Typically, it is the personal representative of the estate of the deceased medical negligence victim who brings suit in such a situation. This may or may not be a family member of the deceased individual (although any proceeds will likely go to the victim’s family members).

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In a Syracuse medical malpractice case, the plaintiff has the burden of proving that he or she suffered personal injury as a proximate result of the defendant’s negligence.

Medical negligence cases are often filed against doctors, but they may also be filed against other healthcare providers, including hospitals and other facilities.

It is not unusual for the defendant in a medical negligence case to file what is called a “motion for summary judgment” in an attempt to have the trial court dismiss the claim against it on the basis that it is entitled to judgment as a matter of law. If a trial court grants summary judgment to the defendant, the plaintiff has the option of asking the appellate court to review that decision.

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While butt-lifts have quickly become one of the most popular cosmetic procedures in the United States, the surgery can be extremely dangerous. If you have experienced harm due to a plastic surgeon’s negligence in performing a butt-lift, you need to reach out to a trusted Syracuse surgery malpractice attorney. At DeFrancisco & Falgiatano Personal Injury Lawyers, we will be able to examine the circumstances surrounding your injury and determine whether the adverse outcome was the result of malpractice.

Recently, a 31-year-old woman sued a Miami hospital for a near-death experience after a butt-lift operation. The woman, who travelled from California to Miami for the operation, claims that she remembers nurses and doctors shouting, “she’s bleeding! More blood, more blood!” in the operating room. The mother of two says she faded in and out of consciousness until the doctor’s staff called 911. At the hospital, the emergency room physician’s treated the patient’s punctured lumbar artery. To make matters worse, it turned out that the plastic surgeon who performed the initial procedure was not certified by the American Board of Plastic Surgery although he claimed he was. The woman filed a medical malpractice against the plastic surgeon and the hospital.

 Syracuse Plastic Surgery Malpractice

While this incident happened in Florida, the reality is that plastic surgery errors are also common in New York. Individuals who opt for plastic surgery either do so to improve their appearance, correct disfigurement or for health reasons. If you have been injured as a result of a botched plastic surgery, you may be able to hold the surgeon accountable through a medical malpractice claim.

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Surgeons have an obligation to use the utmost care when performing a procedure. Sadly, this does not always happen. If you or a loved one has suffered injury due to a surgeon’s carelessness, error or misconduct, our trusted Syracuse surgical malpractice attorneys can help you seek the justice and compensation you deserve. At DeFrancisco & Falgiatano Personal Injury Lawyers, we are dedicated to helping victims of medical malpractice throughout New York.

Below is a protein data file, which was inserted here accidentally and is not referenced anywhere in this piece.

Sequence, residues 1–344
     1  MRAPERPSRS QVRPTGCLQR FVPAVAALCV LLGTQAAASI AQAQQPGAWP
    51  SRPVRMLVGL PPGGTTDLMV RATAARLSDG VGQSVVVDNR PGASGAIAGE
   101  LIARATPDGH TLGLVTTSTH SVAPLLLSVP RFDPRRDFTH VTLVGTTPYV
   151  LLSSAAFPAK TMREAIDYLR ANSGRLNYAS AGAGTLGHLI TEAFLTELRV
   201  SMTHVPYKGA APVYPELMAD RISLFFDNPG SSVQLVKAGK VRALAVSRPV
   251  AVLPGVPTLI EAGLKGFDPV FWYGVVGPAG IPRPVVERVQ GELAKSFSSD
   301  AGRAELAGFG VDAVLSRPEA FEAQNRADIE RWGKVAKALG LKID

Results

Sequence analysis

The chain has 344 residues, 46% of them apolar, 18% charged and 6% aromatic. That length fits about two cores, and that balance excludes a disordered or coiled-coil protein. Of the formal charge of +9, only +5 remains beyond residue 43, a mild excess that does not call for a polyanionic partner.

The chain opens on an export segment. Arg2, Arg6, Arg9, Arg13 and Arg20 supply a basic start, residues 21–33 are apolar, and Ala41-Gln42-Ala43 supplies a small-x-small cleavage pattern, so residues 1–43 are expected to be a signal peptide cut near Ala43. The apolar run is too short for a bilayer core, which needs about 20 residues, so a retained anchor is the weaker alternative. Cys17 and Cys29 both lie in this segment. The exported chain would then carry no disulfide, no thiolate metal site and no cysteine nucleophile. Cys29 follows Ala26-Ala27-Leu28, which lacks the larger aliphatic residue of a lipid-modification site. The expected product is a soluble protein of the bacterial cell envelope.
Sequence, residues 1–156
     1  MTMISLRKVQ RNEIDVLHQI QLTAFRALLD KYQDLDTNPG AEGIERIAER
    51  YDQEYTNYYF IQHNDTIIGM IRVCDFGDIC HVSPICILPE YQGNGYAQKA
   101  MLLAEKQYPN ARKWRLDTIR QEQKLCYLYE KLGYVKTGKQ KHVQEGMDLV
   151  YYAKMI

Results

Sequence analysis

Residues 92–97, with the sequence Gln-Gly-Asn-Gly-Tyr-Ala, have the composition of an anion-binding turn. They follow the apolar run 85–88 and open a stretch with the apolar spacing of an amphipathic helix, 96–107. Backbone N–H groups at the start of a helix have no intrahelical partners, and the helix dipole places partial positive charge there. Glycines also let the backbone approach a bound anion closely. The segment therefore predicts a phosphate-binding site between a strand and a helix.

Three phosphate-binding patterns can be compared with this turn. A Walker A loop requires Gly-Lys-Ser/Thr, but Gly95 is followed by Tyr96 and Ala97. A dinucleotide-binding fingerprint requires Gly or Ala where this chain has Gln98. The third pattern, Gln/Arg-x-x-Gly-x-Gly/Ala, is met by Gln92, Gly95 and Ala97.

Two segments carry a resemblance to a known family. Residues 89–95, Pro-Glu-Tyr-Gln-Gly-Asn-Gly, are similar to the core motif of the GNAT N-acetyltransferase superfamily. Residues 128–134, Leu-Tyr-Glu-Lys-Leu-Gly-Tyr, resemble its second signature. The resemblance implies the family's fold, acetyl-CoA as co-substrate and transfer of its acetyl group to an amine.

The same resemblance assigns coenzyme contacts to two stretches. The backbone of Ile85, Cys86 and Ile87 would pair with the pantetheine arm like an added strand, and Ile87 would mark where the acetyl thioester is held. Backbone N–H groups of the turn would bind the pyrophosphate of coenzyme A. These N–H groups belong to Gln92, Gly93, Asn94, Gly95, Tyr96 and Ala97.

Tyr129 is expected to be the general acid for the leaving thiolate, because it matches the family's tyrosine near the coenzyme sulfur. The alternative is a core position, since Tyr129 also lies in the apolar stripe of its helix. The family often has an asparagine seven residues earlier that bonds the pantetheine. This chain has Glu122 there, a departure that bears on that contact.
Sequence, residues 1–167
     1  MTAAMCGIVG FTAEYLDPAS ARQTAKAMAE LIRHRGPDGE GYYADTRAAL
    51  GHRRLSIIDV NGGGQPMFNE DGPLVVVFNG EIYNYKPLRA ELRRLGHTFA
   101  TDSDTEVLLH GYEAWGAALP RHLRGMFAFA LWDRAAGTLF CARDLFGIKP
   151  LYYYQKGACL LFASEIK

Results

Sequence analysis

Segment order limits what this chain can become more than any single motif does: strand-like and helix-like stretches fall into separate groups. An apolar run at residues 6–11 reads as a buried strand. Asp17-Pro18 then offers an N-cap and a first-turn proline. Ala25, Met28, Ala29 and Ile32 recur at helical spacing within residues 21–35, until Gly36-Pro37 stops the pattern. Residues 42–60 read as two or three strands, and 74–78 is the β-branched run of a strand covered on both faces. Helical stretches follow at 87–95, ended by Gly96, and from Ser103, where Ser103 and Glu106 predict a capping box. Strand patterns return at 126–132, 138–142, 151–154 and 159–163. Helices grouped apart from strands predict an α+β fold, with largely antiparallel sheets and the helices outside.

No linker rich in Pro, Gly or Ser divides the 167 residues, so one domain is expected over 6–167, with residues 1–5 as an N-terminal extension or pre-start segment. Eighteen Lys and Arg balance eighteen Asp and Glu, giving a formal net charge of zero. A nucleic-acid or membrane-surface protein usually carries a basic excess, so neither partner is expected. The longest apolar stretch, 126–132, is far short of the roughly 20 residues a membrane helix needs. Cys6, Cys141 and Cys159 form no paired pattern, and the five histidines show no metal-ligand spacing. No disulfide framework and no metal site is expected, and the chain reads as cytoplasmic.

A New Jersey woman checked into NYU Langone Hospital in November of 2011 for the removal of a benign polyp on her colon. During the surgery, the surgeon allegedly failed to notice that he had burned part of the patient’s small bowel, according to the plaintiff’s lawyer. The patient was in excruciating pain after the surgery. Despite this level of pain, it took the surgeon four days to order a CAT scan, which showed a severe infection. By the time the doctors went back in to operate, the patient was in septic shock and subsequently died. The woman’s family sued the doctor, and a Manhattan jury awarded the family $13 million.

Establishing Surgical Malpractice

Just like any other type of malpractice case, establishing surgical malpractice can be complicated. However, that does not mean you shouldn’t try, it just means you should have an experienced lawyer on your side who understand how to navigate this task. In New York, to prove surgical malpractice, you must show that there was a departure, on the part of the surgeon, from the recognized standard of care and that the patient’s injury or death was directly caused by the surgeon’s conduct. In short, the plaintiff must show that the doctor did something or did not do something that he or she was supposed to do, thereby injuring the patient. In the aforementioned case, the doctor was said to have burned a part of the patient’s small bowel and did not notice. This was considered a deviation from the recognized standard of care and a direct cause of the patient’s death, which is why he was found liable for malpractice.